Development of Quality Management Principles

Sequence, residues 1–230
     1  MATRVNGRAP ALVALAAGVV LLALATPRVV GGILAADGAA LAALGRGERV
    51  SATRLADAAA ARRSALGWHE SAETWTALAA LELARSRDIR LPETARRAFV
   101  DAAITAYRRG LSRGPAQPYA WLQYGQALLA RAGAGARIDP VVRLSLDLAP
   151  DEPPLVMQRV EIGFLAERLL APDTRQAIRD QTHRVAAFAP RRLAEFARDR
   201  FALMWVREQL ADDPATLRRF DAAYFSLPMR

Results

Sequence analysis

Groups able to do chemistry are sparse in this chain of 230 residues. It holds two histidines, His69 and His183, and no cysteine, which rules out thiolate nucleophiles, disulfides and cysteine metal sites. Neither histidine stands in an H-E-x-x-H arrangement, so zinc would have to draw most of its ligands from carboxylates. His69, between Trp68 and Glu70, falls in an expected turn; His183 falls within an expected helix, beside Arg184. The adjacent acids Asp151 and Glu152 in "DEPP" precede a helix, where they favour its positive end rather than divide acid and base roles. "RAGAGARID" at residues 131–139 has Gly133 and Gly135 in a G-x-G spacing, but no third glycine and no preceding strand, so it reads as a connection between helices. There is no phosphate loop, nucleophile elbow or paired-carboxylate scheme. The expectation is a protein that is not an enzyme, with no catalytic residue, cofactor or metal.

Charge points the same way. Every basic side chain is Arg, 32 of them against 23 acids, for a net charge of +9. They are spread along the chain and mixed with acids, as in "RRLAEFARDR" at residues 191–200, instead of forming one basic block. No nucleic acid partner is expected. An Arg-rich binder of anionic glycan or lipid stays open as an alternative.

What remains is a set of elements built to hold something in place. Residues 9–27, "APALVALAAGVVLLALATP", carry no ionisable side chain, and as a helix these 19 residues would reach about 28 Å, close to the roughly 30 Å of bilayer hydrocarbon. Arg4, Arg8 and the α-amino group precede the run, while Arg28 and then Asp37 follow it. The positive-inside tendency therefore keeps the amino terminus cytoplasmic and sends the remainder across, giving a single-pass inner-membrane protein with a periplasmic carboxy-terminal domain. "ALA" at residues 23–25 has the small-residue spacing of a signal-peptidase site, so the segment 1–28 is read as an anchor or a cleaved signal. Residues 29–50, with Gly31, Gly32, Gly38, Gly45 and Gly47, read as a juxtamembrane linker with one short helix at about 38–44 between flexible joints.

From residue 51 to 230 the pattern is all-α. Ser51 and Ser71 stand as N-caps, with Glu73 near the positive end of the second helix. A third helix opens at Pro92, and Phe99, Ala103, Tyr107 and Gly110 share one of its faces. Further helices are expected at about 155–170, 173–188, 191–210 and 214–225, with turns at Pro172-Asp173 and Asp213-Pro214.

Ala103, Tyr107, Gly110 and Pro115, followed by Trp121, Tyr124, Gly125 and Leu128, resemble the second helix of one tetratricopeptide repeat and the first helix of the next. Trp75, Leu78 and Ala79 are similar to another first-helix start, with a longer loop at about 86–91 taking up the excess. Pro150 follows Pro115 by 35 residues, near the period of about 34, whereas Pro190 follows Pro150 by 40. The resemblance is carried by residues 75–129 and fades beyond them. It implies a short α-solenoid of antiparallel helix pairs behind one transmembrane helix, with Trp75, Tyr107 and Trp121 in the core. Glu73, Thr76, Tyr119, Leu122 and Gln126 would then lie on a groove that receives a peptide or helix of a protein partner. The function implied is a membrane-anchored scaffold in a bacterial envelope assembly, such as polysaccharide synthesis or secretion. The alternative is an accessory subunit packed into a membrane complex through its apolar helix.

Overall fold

Quality management principles were developed over the last three decades to represent factors which influence the achievement of quality (Heras-Saizarbitoria and Boiral, 2013). The principles are the theoretical foundation of ISO 9001. The customer focus principle is the epicentre of quality management. The commitment to meet and exceed customer expectations perfectly summarises what every organisation should aspire. The principle of leadership alludes to the fact that organisational commitment is necessary for effective quality management. This principle inspired the development of the involvement of people principle. By working together, stakeholders enhance an organisation’s capability to create and deliver value (Fotopoulos, Psomas, and Vouzas, 2010). The development of the current process approach involved the merging of two principles: the process approach and the systems approach. The principle emphasises that the standardisation of processes increases efficiency; a sentiment that was influenced by the evolution of manufacturing philosophy. The merged component of systems approach in this principle recognises the notion that the interaction of organisational elements influences behaviour. Continuous improvement also played a significant role in the development of quality management principles. The improvement principle maintains that a focus on improvement contributes to organisational success. The emphasis on evidence-based decision making also proves that quality management is an evolving field that reacts to developments regarding fields such as manufacturing and analytics. The use of data analysis techniques is now commonplace in organisations, and it plays a significant role in decision-making. The final principle in this context is the mutual benefits relationships principle. This statement is more of an emphasis on good practice. The quality management principles all share the commonality of being practical. Management professionals around the world can use the principles as a guide when looking to implement a quality management program. The regular editing of the principles ensures that the field of quality management is always based on recent research and developments.